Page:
Air Quality Control Commission Adopts State’s Inadequate Ozone Proposal

Community advocates demand meaningful action to address ozone pollution


Perry Wheeler, Earthjustice, (202) 792-6211, 

The Colorado Air Quality Control Commission wrapped up a rulemaking hearing today on the state’s plans to address ozone pollution in the Denver and northern Front Range region. The commission adopted the inadequate plans put forward by the state, incorporating industry’s requested changes on key points, and failed to require the Air Pollution Control Division to conduct an equity analysis on the impacts of ozone pollution on sensitive populations and disproportionately impacted communities. The commission also will not require the division to reduce emissions for the transportation and oil and gas sectors, despite the fact that these sectors are the biggest contributors to ozone formation in the Front Range, which community groups had requested.

Earthjustice is representing GreenLatinos, Womxn from the Mountain, Healthy Air and Water Colorado, and Madhvi4EcoEthics in the rulemaking.

“Despite years of noncompliance and multiple failed plans, the commission and state have once again turned their backs on Front Range residents who suffer under a cloud of pollution,” said Caitlin Miller, attorney for Earthjustice’s Rocky Mountain Office. “The commission’s repeated claims that it is committed to addressing decades of environmental injustice ring hollow as it continues to do nothing in the face of our ozone crisis and the resulting respiratory disease, asthma attacks, missed school days, and early deaths for communities in this region.”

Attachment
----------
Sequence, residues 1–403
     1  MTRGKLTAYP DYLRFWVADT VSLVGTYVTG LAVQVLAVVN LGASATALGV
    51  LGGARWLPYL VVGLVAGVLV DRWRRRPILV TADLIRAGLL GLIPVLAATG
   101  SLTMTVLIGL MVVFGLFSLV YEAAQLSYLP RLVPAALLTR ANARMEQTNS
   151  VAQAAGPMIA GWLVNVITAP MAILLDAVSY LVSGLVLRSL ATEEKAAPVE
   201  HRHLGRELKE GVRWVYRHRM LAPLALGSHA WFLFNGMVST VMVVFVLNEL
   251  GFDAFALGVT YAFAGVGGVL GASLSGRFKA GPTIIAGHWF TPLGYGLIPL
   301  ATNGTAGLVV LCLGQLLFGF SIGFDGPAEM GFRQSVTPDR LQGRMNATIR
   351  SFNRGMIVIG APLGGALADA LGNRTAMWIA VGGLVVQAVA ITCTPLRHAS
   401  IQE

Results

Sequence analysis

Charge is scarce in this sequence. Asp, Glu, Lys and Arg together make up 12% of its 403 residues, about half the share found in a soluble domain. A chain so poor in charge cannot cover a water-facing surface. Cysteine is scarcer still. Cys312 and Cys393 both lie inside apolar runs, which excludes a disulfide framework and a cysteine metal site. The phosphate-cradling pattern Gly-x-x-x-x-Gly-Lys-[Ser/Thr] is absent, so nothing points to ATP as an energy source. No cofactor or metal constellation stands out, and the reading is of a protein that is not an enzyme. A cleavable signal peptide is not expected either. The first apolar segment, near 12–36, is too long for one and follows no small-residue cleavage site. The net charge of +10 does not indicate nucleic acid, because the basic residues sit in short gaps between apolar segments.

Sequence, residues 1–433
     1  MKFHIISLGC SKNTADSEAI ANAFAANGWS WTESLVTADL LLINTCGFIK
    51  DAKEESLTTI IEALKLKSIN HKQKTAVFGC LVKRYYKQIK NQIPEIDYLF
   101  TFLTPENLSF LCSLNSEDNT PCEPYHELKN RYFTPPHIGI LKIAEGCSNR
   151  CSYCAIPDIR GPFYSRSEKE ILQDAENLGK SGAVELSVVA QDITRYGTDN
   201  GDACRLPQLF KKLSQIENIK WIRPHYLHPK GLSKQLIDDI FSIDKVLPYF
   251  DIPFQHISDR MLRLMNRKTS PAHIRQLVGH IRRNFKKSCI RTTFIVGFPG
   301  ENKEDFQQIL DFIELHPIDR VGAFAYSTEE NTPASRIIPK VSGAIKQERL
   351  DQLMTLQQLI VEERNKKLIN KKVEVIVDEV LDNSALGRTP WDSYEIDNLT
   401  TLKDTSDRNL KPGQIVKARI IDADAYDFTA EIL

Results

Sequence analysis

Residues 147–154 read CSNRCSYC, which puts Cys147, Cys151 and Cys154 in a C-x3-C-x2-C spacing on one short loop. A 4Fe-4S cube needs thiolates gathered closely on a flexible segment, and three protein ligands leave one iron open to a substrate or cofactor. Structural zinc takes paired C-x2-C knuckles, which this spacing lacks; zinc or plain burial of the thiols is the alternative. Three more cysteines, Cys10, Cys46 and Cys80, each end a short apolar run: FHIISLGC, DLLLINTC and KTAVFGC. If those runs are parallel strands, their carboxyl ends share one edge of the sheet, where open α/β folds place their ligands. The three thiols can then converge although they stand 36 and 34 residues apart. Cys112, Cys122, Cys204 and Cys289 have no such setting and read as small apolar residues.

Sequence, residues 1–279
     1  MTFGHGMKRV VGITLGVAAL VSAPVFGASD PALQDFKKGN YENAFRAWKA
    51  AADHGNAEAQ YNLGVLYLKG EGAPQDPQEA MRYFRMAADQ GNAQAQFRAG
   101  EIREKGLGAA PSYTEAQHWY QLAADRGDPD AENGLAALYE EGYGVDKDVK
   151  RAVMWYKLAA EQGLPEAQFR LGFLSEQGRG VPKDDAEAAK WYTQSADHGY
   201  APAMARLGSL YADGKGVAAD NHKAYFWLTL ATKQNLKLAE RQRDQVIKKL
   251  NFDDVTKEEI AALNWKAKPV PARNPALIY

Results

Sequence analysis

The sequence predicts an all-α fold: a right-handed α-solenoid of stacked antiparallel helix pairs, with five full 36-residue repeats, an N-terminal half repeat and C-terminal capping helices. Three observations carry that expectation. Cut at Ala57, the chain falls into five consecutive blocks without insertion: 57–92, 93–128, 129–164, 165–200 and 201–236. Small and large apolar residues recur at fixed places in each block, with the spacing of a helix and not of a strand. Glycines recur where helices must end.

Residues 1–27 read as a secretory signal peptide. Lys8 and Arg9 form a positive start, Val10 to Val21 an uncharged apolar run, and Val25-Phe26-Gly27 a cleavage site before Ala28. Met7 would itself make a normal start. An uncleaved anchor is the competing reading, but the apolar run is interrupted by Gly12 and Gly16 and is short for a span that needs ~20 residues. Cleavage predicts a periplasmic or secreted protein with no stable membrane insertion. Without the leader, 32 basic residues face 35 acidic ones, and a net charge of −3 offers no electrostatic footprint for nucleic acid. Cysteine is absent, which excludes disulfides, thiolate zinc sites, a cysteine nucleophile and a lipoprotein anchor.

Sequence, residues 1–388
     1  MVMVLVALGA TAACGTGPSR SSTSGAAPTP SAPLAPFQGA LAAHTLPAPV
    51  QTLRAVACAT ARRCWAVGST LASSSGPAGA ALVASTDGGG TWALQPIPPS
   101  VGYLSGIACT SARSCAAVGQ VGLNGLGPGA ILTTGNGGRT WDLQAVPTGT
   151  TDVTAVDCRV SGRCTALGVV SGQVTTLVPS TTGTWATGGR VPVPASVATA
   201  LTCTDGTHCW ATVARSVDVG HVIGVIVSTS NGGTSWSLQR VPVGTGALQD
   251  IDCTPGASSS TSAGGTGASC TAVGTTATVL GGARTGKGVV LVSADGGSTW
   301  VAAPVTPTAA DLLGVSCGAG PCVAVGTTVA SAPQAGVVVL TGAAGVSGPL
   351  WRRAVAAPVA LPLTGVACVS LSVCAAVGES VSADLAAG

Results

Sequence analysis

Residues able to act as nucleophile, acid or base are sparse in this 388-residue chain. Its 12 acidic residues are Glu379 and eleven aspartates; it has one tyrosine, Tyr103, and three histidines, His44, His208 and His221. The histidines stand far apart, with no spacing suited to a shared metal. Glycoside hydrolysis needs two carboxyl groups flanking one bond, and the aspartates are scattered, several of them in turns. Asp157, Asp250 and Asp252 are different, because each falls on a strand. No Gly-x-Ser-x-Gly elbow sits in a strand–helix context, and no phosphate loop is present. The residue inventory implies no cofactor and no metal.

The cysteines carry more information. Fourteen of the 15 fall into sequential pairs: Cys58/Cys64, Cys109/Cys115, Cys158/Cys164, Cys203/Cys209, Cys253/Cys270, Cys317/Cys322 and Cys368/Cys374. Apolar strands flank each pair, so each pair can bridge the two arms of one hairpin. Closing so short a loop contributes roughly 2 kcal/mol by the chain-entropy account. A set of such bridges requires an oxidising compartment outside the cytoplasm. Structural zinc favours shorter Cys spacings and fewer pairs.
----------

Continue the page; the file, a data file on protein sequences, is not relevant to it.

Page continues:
“Clean air is the fundamental right of every living being,” said Madhvi Chittoor, founder of Madhiv4EcoEthics. “This ozone discussion has been going on for years, even before I was born. Yet, the state and the commission have failed once again to safeguard the health of the voiceless children and flora and fauna.”

“The inability to curb ozone pollution is a direct failure in protecting public health,” said Sabrina Pacha, senior director of Healthy Air and Water Colorado. “Medical professionals have been sounding the alarm on the health consequences of ozone for years. It is time for our state leaders to find a path forward for getting the Front Range into attainment.”

“The responsibility to protect the health and safety of our communities needs to stop being delayed. It is invalidating to the lives being impacted by ozone pollution, and exposes the blatant inequity and ignorance to the need for timely implementation,” responded Renée M. Chacon, co-founder and executive director of Womxn from the Mountain. “If our state and federal agencies are not going to respond to known data with any trauma sensitivity, then communities need to lead implementation, because we refuse to lose more lives because of the state’s inability to protect us.”

“The commission and state continue to fail our most vulnerable residents on ozone pollution,” added GreenLatinos Colorado. “Our communities have organized for too long for action from officials that meet the needs of the problem at hand. Why is there a lack of ambition to tackle the problem? Today’s decision will perpetuate the negative health impacts for those living in the Front Range region.”

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